I wanted to do a breakdown of the first issue of Bat Country, try to make some sense out of the whole mess that is Bat Country, try to lay that whole twisted bag of snakes out, and if you’ve read any of it, you know this is going to be a long one.
If people would ask me what I wanted to achieve with this book, I don’t really know if I could sum it up in a few words. But I guess the closest thing I could say would just be a fear of open spaces. I wanted to cultivate and exacerbate my fear of the outside world. That’s basically what the title means; the world is full of carnivorous flying rodents that want to suck your blood.
Basically I’m just trying to make excuses for why this comic makes no sense ha-ha. It’s told from the perspective of someone who can’t see in straight lines, everything enters his brain differently and since he’s the narrator of his own story, the narrative is unreliable.
So the first page I get my sneaky twin peaks reference in to Big Ed’s Gas farm (I’ll look a right twat if that’s wrong now ha-ha) and get into my thing about sugar, I’m sure if I was some hypersensitive writer for the guardian I’d call it ‘sugarshaming’ ha-ha. But since I’m not I tend to think people associate lots of sugar with childishness, as if growing older means you no longer see a reason to enjoy ‘the sweet life. I wanted to introduce Ransom as a character that relished in his childishness and was almost petulant in his reaction to people trying to shame him into conforming to their own way of thinking.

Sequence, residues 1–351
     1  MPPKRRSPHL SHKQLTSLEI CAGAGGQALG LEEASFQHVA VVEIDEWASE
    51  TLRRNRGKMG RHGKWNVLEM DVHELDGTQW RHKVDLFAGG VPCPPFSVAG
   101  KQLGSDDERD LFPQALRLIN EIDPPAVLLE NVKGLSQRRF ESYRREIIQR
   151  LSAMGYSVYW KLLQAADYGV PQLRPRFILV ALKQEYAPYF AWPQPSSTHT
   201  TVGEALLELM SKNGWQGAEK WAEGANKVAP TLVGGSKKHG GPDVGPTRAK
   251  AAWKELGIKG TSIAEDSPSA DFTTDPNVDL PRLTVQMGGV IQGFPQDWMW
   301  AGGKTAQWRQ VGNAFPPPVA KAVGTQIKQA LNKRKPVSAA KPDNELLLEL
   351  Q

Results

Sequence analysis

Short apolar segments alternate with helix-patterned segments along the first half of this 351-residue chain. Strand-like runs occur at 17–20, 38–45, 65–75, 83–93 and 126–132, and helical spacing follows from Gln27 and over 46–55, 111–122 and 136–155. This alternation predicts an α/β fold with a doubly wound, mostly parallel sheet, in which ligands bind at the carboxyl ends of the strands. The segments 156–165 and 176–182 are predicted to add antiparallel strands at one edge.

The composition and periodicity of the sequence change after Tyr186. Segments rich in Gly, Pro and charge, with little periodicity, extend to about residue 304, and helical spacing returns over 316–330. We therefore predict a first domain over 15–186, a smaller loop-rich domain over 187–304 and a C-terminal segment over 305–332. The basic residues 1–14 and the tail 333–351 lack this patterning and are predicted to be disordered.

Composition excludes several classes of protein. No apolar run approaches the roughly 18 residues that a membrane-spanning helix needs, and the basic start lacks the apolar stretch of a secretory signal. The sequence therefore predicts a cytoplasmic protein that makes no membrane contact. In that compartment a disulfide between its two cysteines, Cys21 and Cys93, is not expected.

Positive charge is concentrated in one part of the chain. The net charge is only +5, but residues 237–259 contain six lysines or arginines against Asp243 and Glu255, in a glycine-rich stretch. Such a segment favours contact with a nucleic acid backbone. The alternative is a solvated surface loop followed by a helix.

TLDR: Motherfucker like his coffee sweet.
I think maybe a year or two ago, I began this strange fascination with cooking shows or just food shows in general. I watched come dine with me just to watch absolute cunts sit and try to withstand each other for a few evenings in a row, talking shit about each other in the backroom. There was something delicious about uncomfortable silences shared by complete strangers who had never the less grown to hate each other over the course of one evening ha-ha. English people like myself have such an acquired taste for awkwardness.
Then I started to watch Man VS Food, for those that haven’t watched it, it’s basically a show about a chubby American fellow going from town to town taking up eating challenges. Eating a giant burger or a colossal omelette or something, or a really hot curry. I really enjoyed it for the food (I love food) and the competitive nature, it was just a fun show.
But this was when I was little more social justicey, so I started to spin my Marxist (did away with those thankfully away, just a nice empty space now ha-ha) and it made me think this show was everything wrong with America. It was decadent, ‘people are starving’ I said to myself as I watched this pudgy American stuff his face with a hotdog the size of a skateboard.
I was both in awe and disgust with America and the American way, a fine line between love and hate indeed.